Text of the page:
Gallipoli Legend

Gallipoli Legend
That day Mecidiye Fort located on the Eurpean side of the strait was highly damaged. The commander of the Fortified positions Cevat was going back and forth between fire lines since the morning. As Cevat Pasha has learned that Mecidiye fort had seriously damaged he departed to the European side again. While he was walking among the ruins, he saw a soldier lying under a tree. He went and asked: "What is it, son?" Then the soldier stood up hurriedly and saluted him. However, his eyes were looking somewhere else. Cevat Pasha asked again "Is anything happened to your eyes, my son?" The soldier answered "Do not worry, sir. I have already seen everything" (He meant HMS Ocean the destroyer which was sunk by Turkish fire). Cevat Pasha stopped talking and began to cry silently.

One of the heroes of Helles and Suvla was Sergeant Mehmet the bomber. This heroic Turkish boy was catching the hand grenades, which the English threw on Turkish trenches and he with an unbelievable speed was throwing them to the other side again. Probably the English have realised that and they began to throw the grenades following one another, to hinder the reply of Mehmet. Henceforth, one of the grenades exploded in the hand of Mehmet and he lost his right arm. This manly youngster in his letter addressed to his division's commander was saying; - I have lost my right arm, its nothing, I still have my left arm. I can still be of service. There is only one thing depressing me, my wound is still open. That is why I can't leave the hospital. Please forgive me, your highness.!

Dear Mom,
Glorious Turkish mother who gave birth to four soldiers! I have received your letter while I was sitting under a pear tree in a greenish meadow. Your letter encouraged my soul that is enraptured by the beauty of nature. I have read it. I took lessons from your lines. I have read it again and again. I felt the joy to be in a holy mission, here. I opened my eyes and looked far-off. The wind was bending the crops down. They seemed to salute the letter written by my mother. The crops were bending down and celebrating me for the letter I have received from my mother.
I turned my eyes to right side there I saw magnificent pine trees; they were bringing good news to me with a sound proper to them. I turned my eyes to left, there I saw the singing stream, she was smiling to me, and playing happily, and she was full of joy for the letter that my mother wrote... I raised my head upwards; I looked to the leaves of the tree, which I am resting in its shade. They were sharing my joy with their dances. I looked another branch of the tree, there was most beautiful nightingale on it, and she was singing her best melodies to celebrate me. She was sharing my feelings with her delicate beak. In these moments, my service man said:
• Sir, here is you tea, would you drink?
• Thank you. I said and took the tea. It was with milk. I asked.
• Mustafa, where did you find the milk?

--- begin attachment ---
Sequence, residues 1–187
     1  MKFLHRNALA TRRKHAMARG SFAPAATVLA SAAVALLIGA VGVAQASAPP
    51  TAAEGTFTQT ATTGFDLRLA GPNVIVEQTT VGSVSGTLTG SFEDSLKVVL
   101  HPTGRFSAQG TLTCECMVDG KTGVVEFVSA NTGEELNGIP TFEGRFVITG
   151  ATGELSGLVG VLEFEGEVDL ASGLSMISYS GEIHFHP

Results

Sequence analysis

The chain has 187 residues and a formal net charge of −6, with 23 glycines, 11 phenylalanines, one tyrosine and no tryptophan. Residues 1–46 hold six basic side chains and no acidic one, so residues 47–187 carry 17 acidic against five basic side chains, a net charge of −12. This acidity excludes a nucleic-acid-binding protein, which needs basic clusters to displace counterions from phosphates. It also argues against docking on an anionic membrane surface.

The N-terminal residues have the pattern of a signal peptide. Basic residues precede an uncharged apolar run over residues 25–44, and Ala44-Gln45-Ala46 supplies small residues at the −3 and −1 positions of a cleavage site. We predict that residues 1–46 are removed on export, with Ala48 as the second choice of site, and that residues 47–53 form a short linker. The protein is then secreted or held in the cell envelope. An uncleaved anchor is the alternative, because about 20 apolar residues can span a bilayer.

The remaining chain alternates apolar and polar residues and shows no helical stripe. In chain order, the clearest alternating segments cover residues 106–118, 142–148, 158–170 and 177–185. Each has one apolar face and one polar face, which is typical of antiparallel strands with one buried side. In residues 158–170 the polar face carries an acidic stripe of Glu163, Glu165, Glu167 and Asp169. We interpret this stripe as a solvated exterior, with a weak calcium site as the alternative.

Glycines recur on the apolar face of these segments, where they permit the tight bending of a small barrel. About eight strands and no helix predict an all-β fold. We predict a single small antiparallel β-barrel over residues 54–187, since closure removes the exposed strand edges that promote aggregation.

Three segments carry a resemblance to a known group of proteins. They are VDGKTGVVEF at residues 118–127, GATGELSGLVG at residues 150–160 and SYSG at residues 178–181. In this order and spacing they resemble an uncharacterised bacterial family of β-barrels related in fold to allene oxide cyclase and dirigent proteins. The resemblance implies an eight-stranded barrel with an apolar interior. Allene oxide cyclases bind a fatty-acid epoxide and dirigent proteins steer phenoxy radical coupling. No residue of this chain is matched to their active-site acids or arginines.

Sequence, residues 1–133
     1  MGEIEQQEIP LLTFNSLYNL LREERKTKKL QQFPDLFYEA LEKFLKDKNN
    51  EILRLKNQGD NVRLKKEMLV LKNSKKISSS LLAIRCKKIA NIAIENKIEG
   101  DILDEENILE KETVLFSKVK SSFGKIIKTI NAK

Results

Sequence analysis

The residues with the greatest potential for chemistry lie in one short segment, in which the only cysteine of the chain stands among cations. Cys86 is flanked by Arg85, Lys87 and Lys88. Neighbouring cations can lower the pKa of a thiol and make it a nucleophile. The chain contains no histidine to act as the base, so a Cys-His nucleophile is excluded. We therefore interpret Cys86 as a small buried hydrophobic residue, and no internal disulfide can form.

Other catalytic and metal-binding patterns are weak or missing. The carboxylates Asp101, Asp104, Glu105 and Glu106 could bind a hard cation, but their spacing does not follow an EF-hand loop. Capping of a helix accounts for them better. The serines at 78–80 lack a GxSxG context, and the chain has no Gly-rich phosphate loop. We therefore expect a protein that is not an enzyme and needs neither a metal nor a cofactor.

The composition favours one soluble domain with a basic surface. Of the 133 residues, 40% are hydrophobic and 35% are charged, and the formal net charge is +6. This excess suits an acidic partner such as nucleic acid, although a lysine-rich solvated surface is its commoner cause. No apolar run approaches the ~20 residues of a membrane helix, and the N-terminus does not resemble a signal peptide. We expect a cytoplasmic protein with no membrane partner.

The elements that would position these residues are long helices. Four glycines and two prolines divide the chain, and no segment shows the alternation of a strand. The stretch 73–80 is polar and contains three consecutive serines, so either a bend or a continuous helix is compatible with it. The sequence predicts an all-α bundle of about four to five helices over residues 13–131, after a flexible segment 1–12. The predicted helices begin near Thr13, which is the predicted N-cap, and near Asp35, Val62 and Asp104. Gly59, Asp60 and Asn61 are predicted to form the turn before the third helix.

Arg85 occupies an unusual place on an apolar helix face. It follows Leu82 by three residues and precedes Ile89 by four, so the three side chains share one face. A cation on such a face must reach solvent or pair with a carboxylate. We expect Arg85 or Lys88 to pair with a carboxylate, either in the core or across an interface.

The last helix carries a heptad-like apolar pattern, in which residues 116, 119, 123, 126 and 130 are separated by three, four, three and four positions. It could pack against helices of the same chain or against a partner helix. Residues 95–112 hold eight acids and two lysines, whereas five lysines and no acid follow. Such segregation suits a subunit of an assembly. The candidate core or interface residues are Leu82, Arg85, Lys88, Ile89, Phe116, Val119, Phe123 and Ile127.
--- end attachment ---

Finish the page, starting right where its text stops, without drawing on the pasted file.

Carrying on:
• Sir, from the flock in that pasture. I bought it from its shepherd. I paid ten para.
My dear mother, a kilo of milk to ten paras, it has no water in it. It was just milked from the sheep. I drank it. However, I was thinking, I am drinking fresh milk with the money, my dearest mother has sent. Unfortunately, my mother can not drink it. Why my mother is deprived from it? Why Sevket can not drink it?
Nevertheless, the nightingale was shouting: - It’s bit of a bad luck for your mother. You are not to blame. If your mother would be man, she would see the bending crops, the dancing of the stream and she would smell the flowers.!
Tell Sevket not to be curious, he will see, probably he will see places that are more beautiful. Dear Mother, please do not be sad. I will bring you here. I will show you this wonderful scene. Sevket and Hilmi will see too.
My soldiers are doing the washing. They are parts of this greenish picture. One of them is praying ezan. O God; this meadow is as beautiful as his voice. The nightingale stopped singing. The crops stood still. Even the stream is quite. They all listen to that sacred voice. He finished ezan. I washed myself in the stream. We prayed the namaz. I have bend on my knees in this enchanting meadow. I have forgotten all the chaos and confusion of the world. I raised my hands and prayed to God: - The God of the Turks! The Nation belonged to this Green Meadows and Majestic Mountains! God you gave this treasury to the Turkish Nation. Grant them to the Turkish Nation. This nation extolling your name deserves those beautiful places.
My God! Only intention of those soldiers is to prove your glorious name to the British and the French. Bless this honourable intention. Sharpen our bayonets and destroy our enemies. We soldiers are praying for you and shaking in front of your glory.!
I prayed and stood up. From then on, there was no other man happier than I was. This is the most beautiful place of the earth.
I wrote a letter to Kadir. Dear Mother, please do not give vouchers or other things to anyone. If they ask, please say, - we do not know.! Put the case in the chest. As I told you once, the world is full of swindlers. Please do not worry. Do you remember how we took our money from the man in the justice court? We only need time. Everything will be fine. Dear Mother, I do not need new underwear. I still have my money. God Bless You.